Why Underwater Photographers Need Rearview Mirrors

Whitetip Reef Shark sneaking up on a diver

by B. N. Sullivan

This underwater photographer was so completely engrossed in setting up his shot of some tiny creature that he was oblivious to the two sharks approaching him from behind.  The curious sharks ultimately swam right above the diver, as if to have a look at what he was doing, then continued on their way down the reef.  The diver never did see the sharks.

Lesson: While you are in the deep, it might be a good idea to look up, down, and over your shoulder from time to time -- if only to see who (or what) is looking at you!

The sharks are Whitetip Reef Sharks (Triaenodon obesus), photographed at Pulau Sipadan, off the coast of Borneo.

Stony Corals in the Red Sea

Hard corals in the Red Sea
Red Sea hard corals
by B. N. Sullivan

This is one of my favorite reef photos.  It was taken in the Red Sea at an area of Ras Mohammed known as Shark Observatory Wall.  When I took the photo, it was a sunny day and the water was very clear.  I was not very deep beneath the surface, but I was positioned below the corals. I was shooting up toward the surface with a wide angle lens, using the sun as a back-light for the coral.  Pictured are several species of stony corals common to the Red Sea, of the genera Acropora and Stylophora, and some Millepora (which is actually a Hydrozoan).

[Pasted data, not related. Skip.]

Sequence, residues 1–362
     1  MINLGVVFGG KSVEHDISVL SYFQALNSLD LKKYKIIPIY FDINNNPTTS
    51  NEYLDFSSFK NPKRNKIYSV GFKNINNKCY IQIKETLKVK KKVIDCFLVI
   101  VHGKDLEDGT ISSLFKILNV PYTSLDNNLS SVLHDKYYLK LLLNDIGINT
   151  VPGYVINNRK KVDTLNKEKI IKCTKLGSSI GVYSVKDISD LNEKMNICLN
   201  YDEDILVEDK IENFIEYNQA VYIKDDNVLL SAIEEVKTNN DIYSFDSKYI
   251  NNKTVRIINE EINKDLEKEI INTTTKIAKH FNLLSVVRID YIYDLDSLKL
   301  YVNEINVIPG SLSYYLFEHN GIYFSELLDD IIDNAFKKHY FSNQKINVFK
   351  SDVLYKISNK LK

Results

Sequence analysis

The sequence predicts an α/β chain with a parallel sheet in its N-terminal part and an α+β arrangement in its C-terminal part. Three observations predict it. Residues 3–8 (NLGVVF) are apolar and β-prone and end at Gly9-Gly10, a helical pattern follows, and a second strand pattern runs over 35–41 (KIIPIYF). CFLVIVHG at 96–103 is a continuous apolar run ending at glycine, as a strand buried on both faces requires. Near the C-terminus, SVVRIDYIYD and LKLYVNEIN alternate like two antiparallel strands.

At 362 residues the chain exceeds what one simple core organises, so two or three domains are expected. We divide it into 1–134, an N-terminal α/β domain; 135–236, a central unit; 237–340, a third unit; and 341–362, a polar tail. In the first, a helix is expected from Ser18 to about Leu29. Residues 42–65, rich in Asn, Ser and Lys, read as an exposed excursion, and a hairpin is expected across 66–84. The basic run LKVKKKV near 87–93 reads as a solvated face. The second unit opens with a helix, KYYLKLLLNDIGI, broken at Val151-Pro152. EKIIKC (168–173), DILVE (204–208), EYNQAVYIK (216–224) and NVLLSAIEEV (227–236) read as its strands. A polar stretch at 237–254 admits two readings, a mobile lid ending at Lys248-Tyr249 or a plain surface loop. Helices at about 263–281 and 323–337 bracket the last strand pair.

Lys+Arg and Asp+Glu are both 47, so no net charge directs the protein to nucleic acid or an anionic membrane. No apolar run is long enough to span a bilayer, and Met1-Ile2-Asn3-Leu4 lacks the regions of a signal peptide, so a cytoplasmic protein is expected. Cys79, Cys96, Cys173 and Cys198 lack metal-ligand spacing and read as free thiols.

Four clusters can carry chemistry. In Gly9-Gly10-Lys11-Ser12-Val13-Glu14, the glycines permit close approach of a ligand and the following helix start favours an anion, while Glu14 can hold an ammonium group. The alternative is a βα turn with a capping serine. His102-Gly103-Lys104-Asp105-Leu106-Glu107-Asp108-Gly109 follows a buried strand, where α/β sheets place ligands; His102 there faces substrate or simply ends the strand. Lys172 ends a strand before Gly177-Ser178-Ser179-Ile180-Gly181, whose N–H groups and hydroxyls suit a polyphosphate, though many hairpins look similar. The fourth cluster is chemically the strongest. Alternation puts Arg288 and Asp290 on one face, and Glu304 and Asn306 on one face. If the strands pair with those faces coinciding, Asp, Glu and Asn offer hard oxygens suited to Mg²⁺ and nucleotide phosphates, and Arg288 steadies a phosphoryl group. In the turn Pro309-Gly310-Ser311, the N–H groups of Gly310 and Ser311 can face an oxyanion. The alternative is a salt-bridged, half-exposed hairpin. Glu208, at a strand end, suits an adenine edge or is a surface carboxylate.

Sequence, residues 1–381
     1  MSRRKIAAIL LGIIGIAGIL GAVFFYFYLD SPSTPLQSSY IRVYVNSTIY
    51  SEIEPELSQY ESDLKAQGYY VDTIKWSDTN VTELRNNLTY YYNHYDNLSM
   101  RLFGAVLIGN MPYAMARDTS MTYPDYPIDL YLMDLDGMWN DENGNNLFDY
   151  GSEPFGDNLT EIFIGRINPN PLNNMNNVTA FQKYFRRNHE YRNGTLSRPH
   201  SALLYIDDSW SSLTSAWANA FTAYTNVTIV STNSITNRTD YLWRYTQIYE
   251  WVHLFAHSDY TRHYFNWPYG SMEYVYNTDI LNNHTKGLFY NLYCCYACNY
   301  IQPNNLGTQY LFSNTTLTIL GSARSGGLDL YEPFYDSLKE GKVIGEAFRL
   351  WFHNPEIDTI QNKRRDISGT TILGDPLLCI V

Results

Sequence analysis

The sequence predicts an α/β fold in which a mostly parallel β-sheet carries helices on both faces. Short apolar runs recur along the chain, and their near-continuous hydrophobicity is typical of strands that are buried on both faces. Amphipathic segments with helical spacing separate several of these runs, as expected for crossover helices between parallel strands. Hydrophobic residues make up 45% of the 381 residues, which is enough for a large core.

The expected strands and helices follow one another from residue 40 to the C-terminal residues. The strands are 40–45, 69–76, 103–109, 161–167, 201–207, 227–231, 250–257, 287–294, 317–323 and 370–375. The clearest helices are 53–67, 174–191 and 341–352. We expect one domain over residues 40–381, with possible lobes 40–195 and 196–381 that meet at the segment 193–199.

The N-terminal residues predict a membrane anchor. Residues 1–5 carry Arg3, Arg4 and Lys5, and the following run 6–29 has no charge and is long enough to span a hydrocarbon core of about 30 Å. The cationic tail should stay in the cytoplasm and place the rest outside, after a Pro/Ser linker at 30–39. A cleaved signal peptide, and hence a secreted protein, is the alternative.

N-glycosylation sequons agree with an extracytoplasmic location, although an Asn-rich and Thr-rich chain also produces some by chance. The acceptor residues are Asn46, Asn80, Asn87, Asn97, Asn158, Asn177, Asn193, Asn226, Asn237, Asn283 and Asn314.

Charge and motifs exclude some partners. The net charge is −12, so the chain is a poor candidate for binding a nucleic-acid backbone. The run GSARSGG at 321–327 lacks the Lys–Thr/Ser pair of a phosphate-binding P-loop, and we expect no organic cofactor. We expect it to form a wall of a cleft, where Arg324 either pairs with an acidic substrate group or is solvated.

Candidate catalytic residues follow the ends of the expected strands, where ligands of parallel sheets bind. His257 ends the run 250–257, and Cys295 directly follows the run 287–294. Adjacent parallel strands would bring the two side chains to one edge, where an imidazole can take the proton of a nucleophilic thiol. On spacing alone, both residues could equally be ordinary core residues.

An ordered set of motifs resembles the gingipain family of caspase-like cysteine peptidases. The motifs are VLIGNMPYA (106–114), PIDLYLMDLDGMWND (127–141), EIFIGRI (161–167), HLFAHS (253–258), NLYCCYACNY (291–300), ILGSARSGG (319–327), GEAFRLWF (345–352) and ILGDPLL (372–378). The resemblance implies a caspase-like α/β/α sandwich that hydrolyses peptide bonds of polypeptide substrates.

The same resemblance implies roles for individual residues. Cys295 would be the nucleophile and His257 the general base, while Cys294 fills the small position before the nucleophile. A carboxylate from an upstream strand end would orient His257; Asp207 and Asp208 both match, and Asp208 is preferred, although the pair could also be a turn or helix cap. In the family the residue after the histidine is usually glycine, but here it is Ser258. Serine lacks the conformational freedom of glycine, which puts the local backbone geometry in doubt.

Green Sea Turtle - At rest on a bed of soft corals

Green Sea Turtle (Chelonia mydas)
Green Sea Turtle (Chelonia mydas), Pulau Sipadan, Malaysia
by B. N. Sullivan

As divers, we always exercise great caution around corals so as not to damage them.  Sea turtles, on the other hand, are not always so careful.  The turtle in this photo decided to plunk herself down for a nap right in the middle of a lush stand of soft corals.  We watched her land on the coral and then wiggle a bit as if to snuggle into her chosen spot.

The turtle resting on the bed of soft corals is a Green Sea Turtle (Chelonia mudas).  She was photographed at Pulau Sipadan, Malaysia, at a dive site on the outer reef known as Staghorn Crest.

The 'Big Guns' on Bloody Bay Wall

Agelas conifera
Caribbean Brown Tube Sponge (Agelas conifera)

by B. N. Sullivan

Although they resemble cannons, these 'big guns' are sponges -- Caribbean Brown Tube Sponges (Agelas conifera) to be exact.  We found this particular cluster of sponges standing guard on Bloody Bay Wall on the north side of Little Cayman Island.  The two larger tubes were at least two feet long.

Here is another photo of Ageles conifera that we posted a few years ago.